Elizabeth Mazer

Fans of Sally MacKenzie’s Widow’s Brew series have been waiting for this moment. Jo, the widowed Lady Havenridge, has appeared in the series' previous two books as a woman who seemed to have it all figured out. The founder and leader of the Benevolent Home for the Maintenance and Support of Spinsters, Widows, and Abandoned Women and their Unfortunate Children, she has established not only a sanctuary for women and girls with nowhere else to go, but also a thriving business as the women operate their own brewery. She has work, purpose, a home and a community, but now it’s finally time for her to find love. And perhaps it’s a testament to how rare and special her situation is that love and matrimony—the longed-for prize of every young miss in Regency society—holds little appeal for her. She doesn’t actually say that she needs a man like a fish needs a bicycle, but the implication is there.

However, in Cheers to the Duke, the right man is quite forcefully ushered in. Edward, the Duke of Grainger, is a solicitor from an obscure branch of the family tree who unexpectedly inherited the title (think Matthew Crawley from "Downton Abbey"). The search for a bride, someone to step into the shoes of his dearly loved first wife as Edward’s partner and mother to his young, sensitive son, has not gone well. Thrust into society’s so-called graces, he is fawned over by empty-headed debutantes with hungry eyes on his title even as they turn up their noses at his common origins. But then he’s brought together with Jo at the christening of Viscount Hurley, their mutual godchild. And by “brought together,” I mean “all but locked into a closet together by their friends who’ve decided they’re perfect for each other.” Edward is quick to agree that Jo is just what he needs—in his home, his heart and his bed. (His son, Thomas, is instantly on board as well, and in one of the sweeter moments in the story, actually proposes that Jo become his mother even before Jo and Edward officially meet.) Jo, on the other hand, is harder to convince.

In a genre as well-trod as Regency romance, there's much pleasure to be found in stories that subvert expectations, and this story (this series!) definitely accomplishes that. Rather than a society-defying rake who is tamed by love, MacKenzie features capable heroines who defy social norms and require heavy persuasion before they’ll give in to the virtues of wedded life and love. There’s no villain in the story, no rigidly disapproving family member interfering with the course of true love, no moustache-twirling scoundrel attempting to compromise or disgrace the heroine. The only roughness in the course of true love comes from the fact that Jo genuinely needs convincing that marriage is something she’d ever want, even with the perfect man. Her independence is both admirable and refreshing. The response of the other characters to that independence is . . . a bit less endearing. Like Bridget Jones, I’m not often a fan of “smug marrieds” who are convinced that no one can be both happy and single, and the other guests at the christening celebration lean a little far into that mindset. There could have been a bit less well-intentioned matchmaking, and a bit more genuine respect for Jo’s choices (there were a few too many conversations where she got steamrolled).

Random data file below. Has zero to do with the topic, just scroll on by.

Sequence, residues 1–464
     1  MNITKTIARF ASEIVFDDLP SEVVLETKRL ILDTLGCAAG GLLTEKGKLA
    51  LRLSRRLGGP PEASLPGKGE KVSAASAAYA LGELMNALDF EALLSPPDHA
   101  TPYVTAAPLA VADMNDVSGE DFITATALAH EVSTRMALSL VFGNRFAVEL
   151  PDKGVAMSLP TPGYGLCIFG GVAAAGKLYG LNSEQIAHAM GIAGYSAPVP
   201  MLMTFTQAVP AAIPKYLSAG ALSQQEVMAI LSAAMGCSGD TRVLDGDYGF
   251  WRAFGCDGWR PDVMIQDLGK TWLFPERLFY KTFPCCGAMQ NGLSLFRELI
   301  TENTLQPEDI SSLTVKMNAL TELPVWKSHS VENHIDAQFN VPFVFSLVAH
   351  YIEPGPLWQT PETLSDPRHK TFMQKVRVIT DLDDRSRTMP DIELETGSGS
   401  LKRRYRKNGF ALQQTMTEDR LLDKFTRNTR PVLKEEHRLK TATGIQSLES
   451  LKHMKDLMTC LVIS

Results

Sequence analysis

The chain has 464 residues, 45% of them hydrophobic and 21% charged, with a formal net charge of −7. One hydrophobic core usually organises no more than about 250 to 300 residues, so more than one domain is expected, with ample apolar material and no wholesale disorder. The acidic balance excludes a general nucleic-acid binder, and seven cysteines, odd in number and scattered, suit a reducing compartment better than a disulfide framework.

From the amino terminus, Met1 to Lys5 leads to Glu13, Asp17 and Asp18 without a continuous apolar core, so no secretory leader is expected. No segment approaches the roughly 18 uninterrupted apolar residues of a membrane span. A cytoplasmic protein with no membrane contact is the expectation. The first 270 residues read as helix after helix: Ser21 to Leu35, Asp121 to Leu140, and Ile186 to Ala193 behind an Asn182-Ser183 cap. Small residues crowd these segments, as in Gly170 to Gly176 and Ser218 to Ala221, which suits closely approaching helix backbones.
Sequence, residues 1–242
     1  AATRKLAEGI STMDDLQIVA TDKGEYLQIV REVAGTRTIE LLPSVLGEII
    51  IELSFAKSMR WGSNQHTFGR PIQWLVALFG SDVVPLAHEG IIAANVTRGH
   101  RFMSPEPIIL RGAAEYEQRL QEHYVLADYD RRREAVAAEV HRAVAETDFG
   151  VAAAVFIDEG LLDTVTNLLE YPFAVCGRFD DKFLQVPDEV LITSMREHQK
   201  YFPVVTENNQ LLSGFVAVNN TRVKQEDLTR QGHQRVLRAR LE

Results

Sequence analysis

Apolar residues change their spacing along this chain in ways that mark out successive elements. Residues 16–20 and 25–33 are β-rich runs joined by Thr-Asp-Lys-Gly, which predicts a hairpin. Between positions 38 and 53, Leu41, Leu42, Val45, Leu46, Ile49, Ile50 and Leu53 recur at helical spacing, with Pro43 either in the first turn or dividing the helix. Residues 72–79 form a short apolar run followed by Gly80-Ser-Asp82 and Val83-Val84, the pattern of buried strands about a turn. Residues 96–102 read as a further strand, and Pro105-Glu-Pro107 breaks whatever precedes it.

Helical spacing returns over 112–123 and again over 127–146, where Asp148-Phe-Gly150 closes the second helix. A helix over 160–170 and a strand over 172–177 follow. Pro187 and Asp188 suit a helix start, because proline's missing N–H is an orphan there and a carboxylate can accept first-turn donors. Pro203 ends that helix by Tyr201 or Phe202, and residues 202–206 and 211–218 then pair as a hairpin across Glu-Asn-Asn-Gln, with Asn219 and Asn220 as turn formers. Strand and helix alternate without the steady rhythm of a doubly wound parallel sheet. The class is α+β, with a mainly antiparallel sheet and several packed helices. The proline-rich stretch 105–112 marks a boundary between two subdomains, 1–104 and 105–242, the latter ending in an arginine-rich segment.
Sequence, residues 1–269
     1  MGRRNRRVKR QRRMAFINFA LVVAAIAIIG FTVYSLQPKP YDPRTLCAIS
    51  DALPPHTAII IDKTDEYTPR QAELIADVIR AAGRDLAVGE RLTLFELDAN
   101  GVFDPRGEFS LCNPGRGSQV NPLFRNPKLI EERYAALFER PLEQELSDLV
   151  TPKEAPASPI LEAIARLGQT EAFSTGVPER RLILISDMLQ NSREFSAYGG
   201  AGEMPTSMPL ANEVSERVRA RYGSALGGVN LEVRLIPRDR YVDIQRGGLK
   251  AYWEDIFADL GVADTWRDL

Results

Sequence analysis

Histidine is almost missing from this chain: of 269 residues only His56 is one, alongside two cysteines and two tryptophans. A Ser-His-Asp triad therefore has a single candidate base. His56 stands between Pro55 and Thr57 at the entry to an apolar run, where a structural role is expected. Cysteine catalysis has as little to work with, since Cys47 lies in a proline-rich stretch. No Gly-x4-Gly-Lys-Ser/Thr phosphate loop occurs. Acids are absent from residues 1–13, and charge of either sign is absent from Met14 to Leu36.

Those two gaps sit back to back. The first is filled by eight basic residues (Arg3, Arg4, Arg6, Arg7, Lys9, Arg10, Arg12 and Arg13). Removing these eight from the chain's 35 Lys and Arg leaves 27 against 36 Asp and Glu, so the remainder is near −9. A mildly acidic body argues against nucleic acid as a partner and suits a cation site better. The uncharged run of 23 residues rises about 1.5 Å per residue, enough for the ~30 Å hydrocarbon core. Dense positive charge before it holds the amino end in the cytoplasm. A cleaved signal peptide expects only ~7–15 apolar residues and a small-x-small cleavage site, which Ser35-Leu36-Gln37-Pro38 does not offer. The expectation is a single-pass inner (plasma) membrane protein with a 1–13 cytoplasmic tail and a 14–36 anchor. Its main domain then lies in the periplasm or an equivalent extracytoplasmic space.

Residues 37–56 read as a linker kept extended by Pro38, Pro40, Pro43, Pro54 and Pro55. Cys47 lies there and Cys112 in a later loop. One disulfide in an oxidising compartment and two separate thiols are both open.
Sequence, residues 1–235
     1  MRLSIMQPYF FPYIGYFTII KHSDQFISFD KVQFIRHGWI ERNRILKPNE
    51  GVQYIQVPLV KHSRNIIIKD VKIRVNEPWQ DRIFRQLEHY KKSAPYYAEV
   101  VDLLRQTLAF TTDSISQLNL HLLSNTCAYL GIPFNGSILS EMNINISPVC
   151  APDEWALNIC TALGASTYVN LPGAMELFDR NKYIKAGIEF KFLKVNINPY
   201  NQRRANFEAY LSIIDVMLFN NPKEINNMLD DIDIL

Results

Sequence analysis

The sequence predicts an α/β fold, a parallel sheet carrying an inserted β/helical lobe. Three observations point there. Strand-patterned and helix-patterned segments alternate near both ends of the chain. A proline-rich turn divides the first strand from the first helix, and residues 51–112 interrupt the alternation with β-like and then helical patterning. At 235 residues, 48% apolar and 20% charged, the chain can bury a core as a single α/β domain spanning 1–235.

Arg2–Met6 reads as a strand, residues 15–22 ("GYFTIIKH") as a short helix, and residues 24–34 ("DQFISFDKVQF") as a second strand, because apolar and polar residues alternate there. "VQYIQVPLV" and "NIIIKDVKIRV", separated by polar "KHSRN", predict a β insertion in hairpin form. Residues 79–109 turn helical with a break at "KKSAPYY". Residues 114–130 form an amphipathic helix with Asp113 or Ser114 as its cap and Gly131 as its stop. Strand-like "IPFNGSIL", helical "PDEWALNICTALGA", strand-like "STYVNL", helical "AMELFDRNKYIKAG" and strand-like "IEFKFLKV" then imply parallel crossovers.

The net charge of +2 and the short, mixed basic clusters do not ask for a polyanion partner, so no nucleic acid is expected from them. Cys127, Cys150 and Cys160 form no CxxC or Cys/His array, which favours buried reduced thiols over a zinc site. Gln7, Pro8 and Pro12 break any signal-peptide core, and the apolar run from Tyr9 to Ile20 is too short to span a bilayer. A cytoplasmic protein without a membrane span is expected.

Still, the energy of the story is infectious, evoking the feeling of a family reunion where everyone’s truly glad to see one another. For those hoping for a happy conclusion to these characters and their adventures in brewing, the final Widow's Brew novel delivers love, laughter and libations.

Fans of Sally MacKenzie’s The Widow’s Brew series have been waiting for Jo, Lady Havenridge, to get her happily ever after, and Cheers to the Duke does not disappoint.

These witchy rom-coms are whimsical and hilarious—with just a touch of wickedness.


Witch Please

In Witch Please by Ann Aguirre, Danica Waterhouse knows the rules: Mundanes are off-limits. She interacts with them as needed to keep her electronic repair business running, but they can never know the truth about her power, and they can never be considered romantically. The family curse says falling for a mundane will drain a Waterhouse witch’s magic away. Magic binds Danica to her work, her family, her coven—everything that matters. So when she meets the most incredible man, and feels the most incredible draw to him, she makes an incredible effort to keep her distance . . . and fails. Because Titus Winnaker is amazing: handsome, funny, goofy and smitten with Danica from the start. And he bakes. And he’s a volunteer firefighter. And he’s absolutely forbidden.

Smart, strong, determined and compassionate, Danica knows how to fix everything except her own heart, and her turmoil is palpable on the page. Endearing, clueless Titus is a beautiful cinnamon roll, too sweet for this world. The most magical moments they share don’t involve any witchcraft at all but instead feature two people simply being good to each other, in every imaginable way. Aguirre has concocted an exciting, engaging whirl of a story.